Goal-line technology: Famous 'ghost goals' in pictures

11 April 2013 Last updated at 14:24

As goal-line technology is approved by Fifa, take a look back at some of football's most famous 'ghost goals'.
Frank Lampard
Goal-line technology has been given the go-ahead by football's governing body Fifa and will be used in the Premier League from the 2013-14 season. It's after a series of 'ghost goals' like Frank Lampard's against Germany in the 2010 World Cup in South Africa. The strike was ruled out despite clearly crossing the line with Germany leading 2-1.
Geoff Hurst
Perhaps the most famous instance of whether the ball crossed the line also occurred in another England v Germany match. With the 1966 World Cup final in extra time, striker Geoff Hurst scored with a controversial goal that bounced off the bar and back into play. It stood and England won the trophy.
John Terry
At the Euro 2012 tournament in Ukraine and Poland, John Terry appeared to kick the ball off the line in England's group match against Ukraine. Replays showed it had crossed the line. After months of testing, the International FA Board (IFAB) approved both the Hawk-Eye and the GoalRef systems last year.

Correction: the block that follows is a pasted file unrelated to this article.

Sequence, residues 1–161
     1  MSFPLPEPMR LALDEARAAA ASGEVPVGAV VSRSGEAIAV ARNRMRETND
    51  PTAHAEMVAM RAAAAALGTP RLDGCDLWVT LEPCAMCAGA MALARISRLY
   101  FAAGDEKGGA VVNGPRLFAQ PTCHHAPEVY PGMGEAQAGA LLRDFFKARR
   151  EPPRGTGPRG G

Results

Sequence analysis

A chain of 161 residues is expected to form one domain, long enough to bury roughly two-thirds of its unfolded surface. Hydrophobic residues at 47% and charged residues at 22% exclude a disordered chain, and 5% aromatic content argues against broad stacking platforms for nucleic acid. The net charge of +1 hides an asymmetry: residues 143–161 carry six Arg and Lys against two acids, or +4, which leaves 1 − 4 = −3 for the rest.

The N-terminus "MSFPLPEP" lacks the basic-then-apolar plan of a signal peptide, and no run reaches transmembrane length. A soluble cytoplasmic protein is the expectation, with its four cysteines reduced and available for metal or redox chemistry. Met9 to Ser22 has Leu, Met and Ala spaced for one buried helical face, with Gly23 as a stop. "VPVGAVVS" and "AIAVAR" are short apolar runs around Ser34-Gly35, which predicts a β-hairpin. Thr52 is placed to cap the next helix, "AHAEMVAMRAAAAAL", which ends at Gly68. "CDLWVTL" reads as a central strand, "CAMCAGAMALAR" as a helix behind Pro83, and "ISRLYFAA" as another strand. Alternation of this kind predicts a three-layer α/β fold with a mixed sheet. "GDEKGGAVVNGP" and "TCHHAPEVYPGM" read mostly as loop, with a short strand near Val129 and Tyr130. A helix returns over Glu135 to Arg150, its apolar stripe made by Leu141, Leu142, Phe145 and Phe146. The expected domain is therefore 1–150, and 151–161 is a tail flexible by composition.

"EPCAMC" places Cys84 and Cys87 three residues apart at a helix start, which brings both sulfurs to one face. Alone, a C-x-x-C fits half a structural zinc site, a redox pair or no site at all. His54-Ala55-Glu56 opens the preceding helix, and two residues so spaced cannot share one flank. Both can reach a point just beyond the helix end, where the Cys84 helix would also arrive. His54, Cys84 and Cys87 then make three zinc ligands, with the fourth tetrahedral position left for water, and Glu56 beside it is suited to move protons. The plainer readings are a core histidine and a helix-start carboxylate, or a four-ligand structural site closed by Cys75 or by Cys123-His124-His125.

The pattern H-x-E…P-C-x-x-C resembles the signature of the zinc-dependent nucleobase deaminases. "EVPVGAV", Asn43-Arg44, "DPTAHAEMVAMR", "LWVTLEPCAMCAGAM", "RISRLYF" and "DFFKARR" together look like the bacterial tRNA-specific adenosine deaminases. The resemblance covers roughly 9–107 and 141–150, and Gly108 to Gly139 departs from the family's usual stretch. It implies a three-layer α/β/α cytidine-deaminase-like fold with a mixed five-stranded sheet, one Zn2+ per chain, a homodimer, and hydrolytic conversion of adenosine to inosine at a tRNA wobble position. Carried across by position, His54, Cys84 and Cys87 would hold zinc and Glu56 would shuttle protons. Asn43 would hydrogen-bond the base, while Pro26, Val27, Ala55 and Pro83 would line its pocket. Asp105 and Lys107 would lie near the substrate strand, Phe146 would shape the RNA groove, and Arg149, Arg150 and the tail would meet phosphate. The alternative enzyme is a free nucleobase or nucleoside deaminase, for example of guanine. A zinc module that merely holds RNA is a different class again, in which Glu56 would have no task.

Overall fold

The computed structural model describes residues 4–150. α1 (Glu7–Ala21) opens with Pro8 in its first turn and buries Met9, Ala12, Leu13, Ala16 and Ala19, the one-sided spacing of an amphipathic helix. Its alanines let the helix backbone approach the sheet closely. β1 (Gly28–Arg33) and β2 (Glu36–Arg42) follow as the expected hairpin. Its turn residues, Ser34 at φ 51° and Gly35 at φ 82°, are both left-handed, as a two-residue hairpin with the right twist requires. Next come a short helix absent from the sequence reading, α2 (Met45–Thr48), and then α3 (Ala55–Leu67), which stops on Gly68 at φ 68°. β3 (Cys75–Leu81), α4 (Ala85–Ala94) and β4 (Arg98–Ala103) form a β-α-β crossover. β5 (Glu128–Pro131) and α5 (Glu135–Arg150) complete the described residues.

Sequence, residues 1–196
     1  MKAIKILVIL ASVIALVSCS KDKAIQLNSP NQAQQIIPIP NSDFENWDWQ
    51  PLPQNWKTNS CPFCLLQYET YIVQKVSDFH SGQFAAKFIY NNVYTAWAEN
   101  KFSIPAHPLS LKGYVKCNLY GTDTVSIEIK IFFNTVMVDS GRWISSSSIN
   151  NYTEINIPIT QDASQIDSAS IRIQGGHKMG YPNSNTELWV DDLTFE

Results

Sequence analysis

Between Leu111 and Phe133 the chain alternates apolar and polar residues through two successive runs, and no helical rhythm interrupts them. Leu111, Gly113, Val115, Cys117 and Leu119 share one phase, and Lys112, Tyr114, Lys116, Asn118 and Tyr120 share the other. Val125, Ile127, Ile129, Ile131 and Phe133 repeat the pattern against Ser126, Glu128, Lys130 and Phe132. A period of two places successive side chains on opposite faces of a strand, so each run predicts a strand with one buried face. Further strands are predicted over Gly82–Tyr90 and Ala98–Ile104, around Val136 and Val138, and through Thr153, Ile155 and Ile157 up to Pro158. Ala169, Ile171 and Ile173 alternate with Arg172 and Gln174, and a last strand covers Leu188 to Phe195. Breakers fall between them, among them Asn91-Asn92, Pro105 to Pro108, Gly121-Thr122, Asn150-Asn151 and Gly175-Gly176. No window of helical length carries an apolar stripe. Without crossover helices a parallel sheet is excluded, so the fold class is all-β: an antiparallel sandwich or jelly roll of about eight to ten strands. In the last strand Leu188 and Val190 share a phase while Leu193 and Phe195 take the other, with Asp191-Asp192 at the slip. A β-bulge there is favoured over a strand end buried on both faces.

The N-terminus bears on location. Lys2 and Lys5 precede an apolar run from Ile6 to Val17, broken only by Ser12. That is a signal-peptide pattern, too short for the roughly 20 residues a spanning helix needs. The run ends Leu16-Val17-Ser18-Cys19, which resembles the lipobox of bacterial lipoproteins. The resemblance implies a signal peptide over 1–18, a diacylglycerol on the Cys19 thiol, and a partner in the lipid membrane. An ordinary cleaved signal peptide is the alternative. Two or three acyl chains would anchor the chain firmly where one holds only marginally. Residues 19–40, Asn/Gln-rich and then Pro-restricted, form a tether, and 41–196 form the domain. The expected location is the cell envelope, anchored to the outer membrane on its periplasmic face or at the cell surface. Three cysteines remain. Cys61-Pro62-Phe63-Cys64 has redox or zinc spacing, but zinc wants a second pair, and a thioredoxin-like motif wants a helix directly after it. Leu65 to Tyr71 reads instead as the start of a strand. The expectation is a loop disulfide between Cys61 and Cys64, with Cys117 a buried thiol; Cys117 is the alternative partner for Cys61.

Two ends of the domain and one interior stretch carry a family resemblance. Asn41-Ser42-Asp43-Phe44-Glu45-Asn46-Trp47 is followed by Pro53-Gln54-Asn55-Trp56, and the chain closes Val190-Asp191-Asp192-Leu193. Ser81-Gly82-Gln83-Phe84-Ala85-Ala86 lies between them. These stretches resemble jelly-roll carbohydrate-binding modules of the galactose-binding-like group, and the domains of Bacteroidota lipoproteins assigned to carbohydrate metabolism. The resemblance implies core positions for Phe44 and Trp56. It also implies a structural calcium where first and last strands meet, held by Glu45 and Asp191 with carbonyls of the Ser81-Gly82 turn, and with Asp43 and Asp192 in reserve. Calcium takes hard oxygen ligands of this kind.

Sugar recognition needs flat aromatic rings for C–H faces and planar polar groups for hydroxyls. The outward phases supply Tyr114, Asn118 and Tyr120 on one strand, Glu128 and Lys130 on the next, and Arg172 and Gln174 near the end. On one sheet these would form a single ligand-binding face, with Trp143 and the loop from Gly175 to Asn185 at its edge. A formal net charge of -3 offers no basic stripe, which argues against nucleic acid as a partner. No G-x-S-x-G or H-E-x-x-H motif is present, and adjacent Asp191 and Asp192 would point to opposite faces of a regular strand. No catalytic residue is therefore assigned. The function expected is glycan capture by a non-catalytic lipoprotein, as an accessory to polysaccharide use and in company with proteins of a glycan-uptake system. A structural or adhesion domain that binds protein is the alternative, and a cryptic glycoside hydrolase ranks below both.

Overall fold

Tottenham goal
That decision gave the green light to the Premier League and Football Association to introduce the technology from next season. Another famous goal that was ruled out was a Pedro Mendes effort for Tottenham against Manchester United in 2005. Replays showed it had clearly crossed the line after Reds goalkeeper Roy Carroll fumbled the ball.
Chelsea
Hawk-Eye will make its debut in August's Community Shield. The system will need to be licensed, installed and then tested in every venue to make sure it is working properly. Frank Lampard's goal against Tottenham (pictured) stood in 2011 despite not appearing to cross the line.
Watford players
Another goal that should not have stood was "scored" by Reading against Watford in 2008. The referee and his assistant awarded a goal despite the ball crossing the line metres outside the goal post. None of the Reading players even appealed for a goal to be given.
Sulley Muntari
Another example of a disallowed goal involved a clash between AC Milan and Juventus in Italy last season. Sulley Muntari's goal wasn't given and Juventus went on to equalise and eventually win the Serie A title.